The clack of Mahjong tiles is as Hong Kong as dim sum and Cantonese opera. In fact in 2014 it was named ‘an intangible cultural heritage’ by the government, along with umbrella-making and kung fu.
The popular Chinese table game is similar to gin rummy and is currently played by an estimated 350 million Asians. A Singapore Mahjong parlour even made a brief appearance in recent box hit smash Crazy Rich Asians.
But despite that, just a handful of Mahjong carving shops remain in Hong Kong today. The traditional tile has fallen foul to mass produced plastic tiles, electronic Mahjong tables, Mahjong app games and a youth who are spending more and more leisure time glued to their phones. Market research company Ipsos reported earlier this year that just one in 50 young Hong Kongers regularly play, compared with one in 12 five years ago. The once buoyant carving industry is now in the hands of a scattering of octo- and nano-genarians.
Illustrator Karen Cheung was born into a Mahjong family – her father is a traditional carver who took-over the family-run tile factory, Fuk Hing Lung Mahjong Manufacturing Factory, which was set up by her grandfather, supplying Hong Kong’s Mahjong parlours and hotels. But due to dwindling demand, her father was forced to shut up shop ten years ago.
“The day he closed the factory was so sad for him and my mother,” says Cheung. “They had to lay off employees who had worked for them for decades. He packed away his tools and didn’t even want to look at them again.”
But Cheung had other ideas. Her creative business, Travel with Pencil & Color, is a side-hustle (“it’s difficult to make a living drawing in Hong Kong,” she says) to her main job as an events organiser. “I come home from work, sleep for an hour or so, and then I draw from 11pm into the early hours,” she says.
Over the last six months, she has painstakingly designed five different Hong Kong scenes which have been carved into sets of Mahjong tiles. The six carved tiles in each set depict different areas of Hong Kong and come with a wind or dragon tile hand carved and painted by her father. North Point owns the North wind, Tung Chung the East, Sai Kung the West and Southside the South. Central is matched with the red dragon.
Tiny, beautiful details include a miniature Foreign Correspondents’ Club etched onto the Central tiles (quite apt as that is the venue for our meet-up), the Lantau buddha and cable car, seafood shops in Sai Kung and The Repulse on Southside.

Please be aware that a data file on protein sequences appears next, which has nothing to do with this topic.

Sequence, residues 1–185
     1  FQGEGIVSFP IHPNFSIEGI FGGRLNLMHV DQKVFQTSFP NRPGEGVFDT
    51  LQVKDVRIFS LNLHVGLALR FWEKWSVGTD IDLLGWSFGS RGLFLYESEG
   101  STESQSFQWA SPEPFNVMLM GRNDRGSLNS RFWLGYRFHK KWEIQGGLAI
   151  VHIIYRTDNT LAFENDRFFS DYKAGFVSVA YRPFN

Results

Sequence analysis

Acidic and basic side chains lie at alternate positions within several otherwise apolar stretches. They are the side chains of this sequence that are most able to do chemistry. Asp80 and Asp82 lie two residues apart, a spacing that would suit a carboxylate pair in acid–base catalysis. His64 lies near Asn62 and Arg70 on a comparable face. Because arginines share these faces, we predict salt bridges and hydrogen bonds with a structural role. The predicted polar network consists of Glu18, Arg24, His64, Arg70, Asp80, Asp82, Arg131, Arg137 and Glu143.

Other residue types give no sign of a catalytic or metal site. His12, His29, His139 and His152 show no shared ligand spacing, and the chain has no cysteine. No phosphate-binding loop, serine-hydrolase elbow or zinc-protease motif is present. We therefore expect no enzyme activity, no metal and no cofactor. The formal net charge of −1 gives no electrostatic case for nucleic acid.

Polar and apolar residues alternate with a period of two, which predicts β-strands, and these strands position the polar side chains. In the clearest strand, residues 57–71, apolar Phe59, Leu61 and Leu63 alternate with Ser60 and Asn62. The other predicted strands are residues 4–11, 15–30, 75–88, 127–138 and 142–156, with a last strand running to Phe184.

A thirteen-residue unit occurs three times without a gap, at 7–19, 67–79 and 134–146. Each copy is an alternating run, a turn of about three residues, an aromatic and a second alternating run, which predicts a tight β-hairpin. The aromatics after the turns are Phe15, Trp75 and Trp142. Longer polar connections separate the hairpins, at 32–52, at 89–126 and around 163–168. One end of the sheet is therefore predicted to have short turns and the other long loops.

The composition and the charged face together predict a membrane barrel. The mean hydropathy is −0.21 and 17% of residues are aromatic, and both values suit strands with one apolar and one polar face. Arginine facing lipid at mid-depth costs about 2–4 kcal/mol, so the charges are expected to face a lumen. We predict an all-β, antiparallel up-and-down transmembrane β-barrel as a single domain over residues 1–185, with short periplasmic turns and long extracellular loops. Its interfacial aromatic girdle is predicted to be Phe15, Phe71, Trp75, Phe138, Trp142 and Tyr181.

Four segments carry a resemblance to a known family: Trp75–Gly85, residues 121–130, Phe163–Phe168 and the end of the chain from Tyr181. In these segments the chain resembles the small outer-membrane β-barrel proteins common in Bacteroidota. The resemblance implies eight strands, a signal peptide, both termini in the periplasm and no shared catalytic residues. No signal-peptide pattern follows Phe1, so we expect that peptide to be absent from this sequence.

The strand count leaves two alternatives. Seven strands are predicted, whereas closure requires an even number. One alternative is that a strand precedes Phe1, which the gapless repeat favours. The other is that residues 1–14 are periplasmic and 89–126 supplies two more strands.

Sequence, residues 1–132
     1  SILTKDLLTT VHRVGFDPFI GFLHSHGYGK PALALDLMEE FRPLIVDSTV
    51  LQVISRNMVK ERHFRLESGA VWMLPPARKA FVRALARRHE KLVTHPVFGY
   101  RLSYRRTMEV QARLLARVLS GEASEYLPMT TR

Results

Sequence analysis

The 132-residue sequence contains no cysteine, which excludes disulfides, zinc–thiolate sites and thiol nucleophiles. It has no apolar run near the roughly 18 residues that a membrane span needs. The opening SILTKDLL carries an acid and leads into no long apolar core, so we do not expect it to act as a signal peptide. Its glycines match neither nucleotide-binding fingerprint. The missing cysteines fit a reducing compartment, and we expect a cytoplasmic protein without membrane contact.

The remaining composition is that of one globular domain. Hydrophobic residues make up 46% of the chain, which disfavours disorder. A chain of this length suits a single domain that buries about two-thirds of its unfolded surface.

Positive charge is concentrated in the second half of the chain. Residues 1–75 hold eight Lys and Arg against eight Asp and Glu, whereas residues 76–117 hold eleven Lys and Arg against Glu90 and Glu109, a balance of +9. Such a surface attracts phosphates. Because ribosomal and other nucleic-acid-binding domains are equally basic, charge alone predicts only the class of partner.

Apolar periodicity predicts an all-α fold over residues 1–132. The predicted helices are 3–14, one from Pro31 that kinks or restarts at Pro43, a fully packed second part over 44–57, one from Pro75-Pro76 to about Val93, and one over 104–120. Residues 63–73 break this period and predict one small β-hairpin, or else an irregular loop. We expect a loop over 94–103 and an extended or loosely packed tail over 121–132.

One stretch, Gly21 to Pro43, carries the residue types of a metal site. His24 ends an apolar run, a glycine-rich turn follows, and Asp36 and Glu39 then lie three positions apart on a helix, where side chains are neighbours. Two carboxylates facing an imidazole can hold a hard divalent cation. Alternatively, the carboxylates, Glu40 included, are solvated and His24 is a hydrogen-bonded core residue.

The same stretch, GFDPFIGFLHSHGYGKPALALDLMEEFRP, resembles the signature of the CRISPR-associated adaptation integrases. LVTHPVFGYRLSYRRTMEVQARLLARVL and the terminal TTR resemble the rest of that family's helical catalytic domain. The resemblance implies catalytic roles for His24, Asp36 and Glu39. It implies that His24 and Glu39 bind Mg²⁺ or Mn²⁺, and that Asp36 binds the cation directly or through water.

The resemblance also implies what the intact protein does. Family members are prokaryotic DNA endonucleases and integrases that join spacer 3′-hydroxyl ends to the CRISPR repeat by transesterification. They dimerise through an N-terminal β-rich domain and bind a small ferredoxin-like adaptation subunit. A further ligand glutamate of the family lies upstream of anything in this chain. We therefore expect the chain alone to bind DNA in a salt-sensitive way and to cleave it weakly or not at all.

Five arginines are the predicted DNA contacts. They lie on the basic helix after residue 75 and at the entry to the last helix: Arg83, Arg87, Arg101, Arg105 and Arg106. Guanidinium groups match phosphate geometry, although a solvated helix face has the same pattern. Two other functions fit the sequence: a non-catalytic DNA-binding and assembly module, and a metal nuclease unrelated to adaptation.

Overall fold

“I think my father was ultimately glad to pick up his tools again,” she says. “He understood my excitement about the project. The challenge for me was managing high labour costs. From packaging to promotion, it’s been a steep learning curve.”
Cheung worked with fellow designers Connie Siu and Maggie Cheung on the project and it has gone on to win the Judges Award at this year’s annual Hong Kong Smarts Design Award, organised by the Hong Kong Export Association. “I think Hong Kong tourism likes this sort of thing as it promotes Hong Kong’s heritage and culture.”
Cheung says the project bridges the gap between traditional craftsmanship and modern art, aiming to reignite the dying art of hand-carved mahjong with advanced printing technology. The trio now find themselves in the top eight finalists of the K11 D Project this year.
Cheung will be managing a pop-up shop in K11 shopping mall this month featuring the Mahjong tiles sets, Travel Mahjong City, and other Mahjong-inspired products. Customers who spend over $350 will receive a set of postcards depicting the mahjong story, while shoppers who spend over $500 will be receive a hand-carved ‘Sparrow Mahjong’ tile.
“Sparrow sounds the same as Mahjong in Chinese, the click clack of the tiles being shuffled is referred to as ‘twittering of the sparrows’,” she explains.
Cheung is currently working on a set of tiles to celebrate Christmas and Chinese New Year in the territory – the Lunar New Year is traditionally a time when families get together to play Mahjong.
“I’ve always loved drawing and I’m so pleased to have been able to turn it into a viable project,” she says.
Cheung’s pop-up shop will open every Friday, Saturday and Sunday between September 28 and October 21, K11, 18 Hanoi Road, Tsim Sha Tsui (MTR TST exit D2), karenaruba.com
Hong Kong’s Mahjong carvers
There are estimated to be a mere handful of carving shops left in Hong Kong, possibly not even that.
Biu Kee Mahjong is still operational on Jordan Road, Yau Ma Tei (opposite the entrance to Temple Street night markets).
Kam Fat Mahjong is the only female Mahjong carver in Hong Kong and has an under-the-stairs workshop in Hung Hom.
Factory-produced, plastic tile sets can be found in most markets, including Stanley and Cat Street.
Where to play
American Women’s Association (AWA) members and American Club members play every Tuesday, 10am-4pm, American Club, Tai Tam, awa.org.hk
Australian Association of Hong Kong members play every Monday, 10am-1pm, Dynasty Court Function Room, 17-23 Old Peak Road, Mid-levels, ozhongkong.com
The AWA will be organising a Mahjong Fundraiser in support of local charities, 10am-3.30pm, October 19, American Club Fireside Lounge, 28 Tai Tam Road, Tai Tam, $500/member, $500/guest, complimentary buffet lunch at noon, drinks charged to member’s accounts or payment by credit card, open to all, awa.org.hk